As I write this we are about to end level 3; as you read this we will have just entered level 2.
Things are changing. Many of us – including at the Watusi Country Club and Sanitarium - just spent 50 days in lockdown and there are, not to put too fine a point on it, a few things we'd like to do.
Folk would like to go fishing, to eat in a restaurant, to get the bloody kids out of the house at last, all things that are now possible, and high on that list for many is once again hearing and seeing live music.
In recent weeks I have seen some truly jaw-dropping music delivered on YouTube, Facebook and other digital platforms, but there is something about a real band playing on a real stage in a real venue that a video feed can't recreate.
And, as with other activities which will see the rules evolve and change over time, live music is still a bit of an unknown. No one really understands what is going to happen.
Over the next few weeks I'll be talking to venue operators in the Bay and bands, but it's hard to predict right now what the oft-mentioned new normal will be.
The big question, and it's not rocket surgery to spot this, is what social distancing means to venues.
It's all very well allowing 100 people at an event, which I think (and, please forgive me if I have misunderstood some of the messaging) is the current plan. I do slightly mix concerts in my mind with church services, which can only have 10 people as they are classed as “social gatherings”. But concerts are – I think - instead grouped with restaurants: if you're sitting down they should be OK.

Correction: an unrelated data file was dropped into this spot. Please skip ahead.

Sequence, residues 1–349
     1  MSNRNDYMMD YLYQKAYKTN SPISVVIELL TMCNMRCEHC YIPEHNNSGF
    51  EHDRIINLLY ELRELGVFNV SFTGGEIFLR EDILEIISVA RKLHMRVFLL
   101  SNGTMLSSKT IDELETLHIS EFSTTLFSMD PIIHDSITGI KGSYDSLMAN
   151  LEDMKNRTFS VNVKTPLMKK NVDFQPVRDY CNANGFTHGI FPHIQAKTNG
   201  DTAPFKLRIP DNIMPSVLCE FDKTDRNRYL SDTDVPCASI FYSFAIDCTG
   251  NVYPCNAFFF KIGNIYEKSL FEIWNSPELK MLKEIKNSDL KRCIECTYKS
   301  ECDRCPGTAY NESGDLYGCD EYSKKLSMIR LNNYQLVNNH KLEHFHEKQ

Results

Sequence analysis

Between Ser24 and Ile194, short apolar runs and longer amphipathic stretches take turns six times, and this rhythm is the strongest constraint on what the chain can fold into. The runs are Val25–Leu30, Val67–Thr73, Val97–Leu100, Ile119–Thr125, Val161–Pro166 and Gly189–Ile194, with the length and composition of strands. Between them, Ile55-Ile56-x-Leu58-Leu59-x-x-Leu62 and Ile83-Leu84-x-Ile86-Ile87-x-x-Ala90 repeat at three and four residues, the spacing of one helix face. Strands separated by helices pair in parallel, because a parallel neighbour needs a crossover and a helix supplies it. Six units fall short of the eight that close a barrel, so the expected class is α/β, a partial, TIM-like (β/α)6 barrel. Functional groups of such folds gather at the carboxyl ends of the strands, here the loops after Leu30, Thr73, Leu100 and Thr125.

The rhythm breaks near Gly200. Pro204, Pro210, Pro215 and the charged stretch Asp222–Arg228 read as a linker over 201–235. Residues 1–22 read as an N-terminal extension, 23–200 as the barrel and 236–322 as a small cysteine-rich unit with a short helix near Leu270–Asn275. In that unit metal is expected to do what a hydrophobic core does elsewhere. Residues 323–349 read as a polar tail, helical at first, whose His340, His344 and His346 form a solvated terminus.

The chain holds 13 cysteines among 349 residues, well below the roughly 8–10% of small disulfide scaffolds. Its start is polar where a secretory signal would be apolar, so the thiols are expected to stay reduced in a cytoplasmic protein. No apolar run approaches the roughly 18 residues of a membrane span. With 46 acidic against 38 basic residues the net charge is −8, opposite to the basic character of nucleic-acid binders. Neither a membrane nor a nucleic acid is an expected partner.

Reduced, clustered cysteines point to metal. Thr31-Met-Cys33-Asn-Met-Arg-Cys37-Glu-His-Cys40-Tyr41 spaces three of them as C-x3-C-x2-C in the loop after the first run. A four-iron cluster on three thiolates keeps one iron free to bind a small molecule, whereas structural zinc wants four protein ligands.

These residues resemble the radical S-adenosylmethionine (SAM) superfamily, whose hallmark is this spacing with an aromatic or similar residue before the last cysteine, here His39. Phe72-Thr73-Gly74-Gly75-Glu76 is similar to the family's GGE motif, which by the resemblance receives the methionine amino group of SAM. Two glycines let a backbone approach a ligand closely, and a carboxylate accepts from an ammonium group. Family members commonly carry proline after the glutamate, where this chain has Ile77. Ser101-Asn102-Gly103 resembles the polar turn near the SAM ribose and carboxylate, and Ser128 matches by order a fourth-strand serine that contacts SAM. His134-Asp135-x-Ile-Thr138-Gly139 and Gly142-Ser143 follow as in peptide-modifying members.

And this is where social distancing becomes an issue. If we take for instance the Jam Factory, it is a venue that, if you pile people in a bit, will hold around 50 or 60. But if those people have to be socially distanced I can't imagine you'd get more than 20 or so, making it unlikely to be an economically sound proposition for the performer.
That is assuming, of course, that people are comfortable enough to get back on the social bandwagon. From my recent conversations there are a lot of nervous folk out there, particularly in Tauranga where the population includes many people who left spring-chickenhood behind long ago. Artists whose audience includes the 65 plus age group, and there are more than a few of those here, might find a distinct reluctance from older folk towards attending crowded, or even any concerts.
I notice the Katikati Folk Club have just cancelled their concert this month and are now planning to restart on June 26 with a show by The Company. They have their get-togethers at the Arts Junction in Katikati which can hold about 100 if you pack in the chairs. But with social distancing I can't see that room holding more than 40 or 50, again straining the financial calculations.
There are several conundrums here. If a band needs, for instance, 100 paying punters to make a decent whack from a show they would need a venue that holds possibly 200. Maybe more. And venues charge money. Venues are also cash-strapped and can't afford to lower their prices. So a band has to hire a venue where they can only attract half the number of people they'd like – nobody wins.
Baycourt is surely in this position right now. It's not cheap to hire and most acts would need around 60 per cent seat sales to break even. How does that work if maximum attendance is 50 per cent of the audience capacity?
Ironically, my first thought was churches. Bands could play in churches. They're big, quite cheap to hire and have convenient seating. When number restrictions lift you could easily seat 300 in the Holy Trinity while social distancing. But there does seem something unusually weird about allowing concerts in churches while church services for more than 10 are still outlawed.